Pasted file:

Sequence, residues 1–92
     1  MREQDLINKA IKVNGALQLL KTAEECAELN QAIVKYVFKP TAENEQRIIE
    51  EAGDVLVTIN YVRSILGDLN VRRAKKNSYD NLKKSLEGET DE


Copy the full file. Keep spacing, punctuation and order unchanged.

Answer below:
Sequence, residues 1–92
     1  MREQDLINKA IKVNGALQLL KTAEECAELN QAIVKYVFKP TAENEQRIIE
    51  EAGDVLVTIN YVRSILGDLN VRRAKKNSYD NLKKSLEGET DE